Asking & Answering Questions
Being able to ask and answer questions is an integral part of academic success for several reasons. The first is that many teachers measure children’s classroom participation by the number of questions they answer correctly in class. Another reason is that asking questions is one of the primary ways that children obtain knowledge about their world and what is beyond their immediate experience.
Children who are unable to ask questions are at a disadvantage when it comes to getting directions or information explained to them in a way they better understand. Also, their ability to communicate with others is significantly reduced.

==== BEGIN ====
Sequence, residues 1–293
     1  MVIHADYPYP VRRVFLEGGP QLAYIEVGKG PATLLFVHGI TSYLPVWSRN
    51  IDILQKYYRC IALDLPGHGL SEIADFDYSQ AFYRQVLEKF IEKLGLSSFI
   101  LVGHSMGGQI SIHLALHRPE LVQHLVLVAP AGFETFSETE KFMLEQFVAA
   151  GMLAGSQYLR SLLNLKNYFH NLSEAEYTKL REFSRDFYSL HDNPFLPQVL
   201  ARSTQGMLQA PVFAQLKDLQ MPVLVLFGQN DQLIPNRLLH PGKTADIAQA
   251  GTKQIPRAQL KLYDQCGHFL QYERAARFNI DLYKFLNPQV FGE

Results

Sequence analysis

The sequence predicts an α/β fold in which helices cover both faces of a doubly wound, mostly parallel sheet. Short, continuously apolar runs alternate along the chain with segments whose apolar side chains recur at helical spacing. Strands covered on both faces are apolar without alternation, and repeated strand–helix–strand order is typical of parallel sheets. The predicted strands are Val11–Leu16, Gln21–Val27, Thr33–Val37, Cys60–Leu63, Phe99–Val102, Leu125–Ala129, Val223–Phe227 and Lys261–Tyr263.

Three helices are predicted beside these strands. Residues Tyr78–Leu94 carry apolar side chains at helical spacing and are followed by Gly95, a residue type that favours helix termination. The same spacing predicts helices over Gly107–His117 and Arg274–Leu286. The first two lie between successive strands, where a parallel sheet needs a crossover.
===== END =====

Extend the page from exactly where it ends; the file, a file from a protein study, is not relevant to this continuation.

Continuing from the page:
Children who cannot answer questions effectively often have trouble making their thoughts and ideas understood by others. Being able to answer questions about remote events, places, people, and stories is a necessary classroom skill that all children need in order to be successful at school.
Therefore, it is important to give children opportunities to practice asking and answering questions in therapy. Often these skills can be encouraged simply by regularly reading books and encouraging children to ask and answer questions about the stories. However, when children are having problems learning these skills naturally, learning how to ask and answer questions can be taught more directly.